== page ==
All You Need To Know About crystalluria In Cats

By May 02 | See Comments

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A medical condition commonly affecting the feline community, Crystalluria involves the formation of crystals that are expelled via urine. Contrary to popular belief, the detection of urinary crystals within your cat’s system cannot be touted synonymous with kidney stones. However, studies indicate that cats diagnosed with Crystalluria can typically possess a higher risk of contracting other kidney issues (renal stones) as well.

So, why does Crystalluria occur?

Development of microscopic crystals within your kitty’s bladder may or may not be indicative of a possible urinary tract infection. The formation of these crystals may be attributed to the super-saturated minerals that eventually precipitate out in the form of fine sand-like particles through urine. Although, the exact causes for cats contracting Crystalluria are not entirely understood, there may be certain triggers such as food and nutrition, genetic makeup, pH fluctuations in urine and consumption of supplements that lead to the occurrence of the disease.

What are the tell-tale signs of Crystalluria?

While the actual symptoms of Crystalluria are largely dependent upon the level of infection in your cat’s bladder, there are a few typical signs (such as those reported in any other Feline Lower Urinary Tract Diseases) that should be reason enough for you to take your ball-of-fur to your vet. Some of the common tell-tale signs of Crystalluria include:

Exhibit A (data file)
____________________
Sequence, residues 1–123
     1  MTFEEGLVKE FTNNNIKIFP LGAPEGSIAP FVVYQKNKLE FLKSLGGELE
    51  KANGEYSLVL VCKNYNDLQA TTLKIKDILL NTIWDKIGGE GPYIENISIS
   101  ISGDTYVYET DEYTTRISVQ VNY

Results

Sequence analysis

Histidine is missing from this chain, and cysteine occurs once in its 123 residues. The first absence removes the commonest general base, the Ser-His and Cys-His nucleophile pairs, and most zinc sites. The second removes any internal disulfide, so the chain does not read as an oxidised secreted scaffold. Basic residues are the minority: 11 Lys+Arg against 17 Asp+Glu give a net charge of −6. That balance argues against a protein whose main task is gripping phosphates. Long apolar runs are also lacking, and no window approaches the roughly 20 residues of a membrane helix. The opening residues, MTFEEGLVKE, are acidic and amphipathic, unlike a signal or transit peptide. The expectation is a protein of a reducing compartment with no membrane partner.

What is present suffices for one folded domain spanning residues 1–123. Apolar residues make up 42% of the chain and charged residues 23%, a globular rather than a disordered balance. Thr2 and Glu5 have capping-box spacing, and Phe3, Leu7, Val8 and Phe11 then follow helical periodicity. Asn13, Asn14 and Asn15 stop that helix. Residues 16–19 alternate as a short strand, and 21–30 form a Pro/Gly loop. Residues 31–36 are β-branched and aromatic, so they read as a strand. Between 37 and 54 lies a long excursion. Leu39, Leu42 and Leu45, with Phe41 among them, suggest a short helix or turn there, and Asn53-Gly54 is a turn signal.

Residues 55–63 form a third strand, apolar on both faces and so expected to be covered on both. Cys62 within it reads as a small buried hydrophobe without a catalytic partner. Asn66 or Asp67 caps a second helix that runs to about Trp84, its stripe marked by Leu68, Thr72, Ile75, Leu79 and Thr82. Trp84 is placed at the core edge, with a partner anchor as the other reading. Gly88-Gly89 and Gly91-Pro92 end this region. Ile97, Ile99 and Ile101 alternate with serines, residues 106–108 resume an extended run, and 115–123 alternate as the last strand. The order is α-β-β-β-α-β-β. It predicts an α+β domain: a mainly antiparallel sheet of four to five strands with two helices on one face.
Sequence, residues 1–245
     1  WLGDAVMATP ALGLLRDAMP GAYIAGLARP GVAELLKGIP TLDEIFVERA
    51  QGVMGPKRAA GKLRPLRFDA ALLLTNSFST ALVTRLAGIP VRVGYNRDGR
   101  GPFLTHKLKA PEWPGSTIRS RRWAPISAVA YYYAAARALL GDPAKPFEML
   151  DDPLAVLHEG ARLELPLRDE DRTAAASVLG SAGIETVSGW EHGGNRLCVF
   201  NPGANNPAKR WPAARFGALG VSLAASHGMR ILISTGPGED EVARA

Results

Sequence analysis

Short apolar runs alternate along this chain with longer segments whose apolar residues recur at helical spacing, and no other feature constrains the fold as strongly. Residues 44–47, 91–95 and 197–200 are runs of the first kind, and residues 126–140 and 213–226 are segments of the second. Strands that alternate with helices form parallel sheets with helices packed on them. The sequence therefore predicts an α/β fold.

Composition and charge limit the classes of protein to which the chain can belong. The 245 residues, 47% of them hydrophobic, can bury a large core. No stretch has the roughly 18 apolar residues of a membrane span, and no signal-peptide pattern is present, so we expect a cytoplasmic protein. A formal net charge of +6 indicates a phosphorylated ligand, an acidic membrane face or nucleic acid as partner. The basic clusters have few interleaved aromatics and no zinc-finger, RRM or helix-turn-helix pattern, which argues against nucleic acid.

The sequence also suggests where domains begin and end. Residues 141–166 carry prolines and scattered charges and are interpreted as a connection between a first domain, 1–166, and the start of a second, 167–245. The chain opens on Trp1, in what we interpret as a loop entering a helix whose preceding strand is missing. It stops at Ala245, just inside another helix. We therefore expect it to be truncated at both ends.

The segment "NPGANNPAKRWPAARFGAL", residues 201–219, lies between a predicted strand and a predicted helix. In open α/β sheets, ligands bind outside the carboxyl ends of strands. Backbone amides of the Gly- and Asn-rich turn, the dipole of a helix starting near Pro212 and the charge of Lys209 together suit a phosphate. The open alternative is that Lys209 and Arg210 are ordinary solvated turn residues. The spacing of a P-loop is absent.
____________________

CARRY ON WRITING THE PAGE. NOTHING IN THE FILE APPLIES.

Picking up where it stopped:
• Difficulty or strain in urinating
  • Abnormal or irregular urine patterns
  • Licking of the genital regions
  • Frequent urination
  • Excessive vocalization
  • Cloudy or blood-tinged urine
  • Sudden increase in thirst
  • Enlarged Belly
  • Depression and inactivity
How do you treat Crystalluria?

Like all other urinary tract infections, the key to getting rid of Crystalluria lies in incorporating treatment plans that eliminate the crystals from the bladder and prevent their further formation. Here are a few ways in which you can not only cure your cat’s bladder problem but also help alleviate the excessive pain and discomfort that comes along with it.

  • Increase the water intake of your cat, in order to flush out the crystals from its bladder. Replace the original dry-diet formula with a wet one to keep your cat’s urinary system clean and infection-free.
  • Encourage your cat to engage in frequent and complete urinary voiding, by placing the litter boxes in a conducive and quiet environment.
  • Ask your vet to prescribe a well-balanced diet with equal amounts acidic and alkaline ingredients to regulate the pH levels in your cat’s urine.
  • Depending upon the extent of the infection, your cat’s vet might also prescribe an appropriate drug therapy and line-of-treatment.

Remember, since Crystalluria when left untreated can transform into a life-threatening urethral obstruction, it is highly recommended that you watch out for the symptoms and consult a doctor on noticing the very early signs of the disease.

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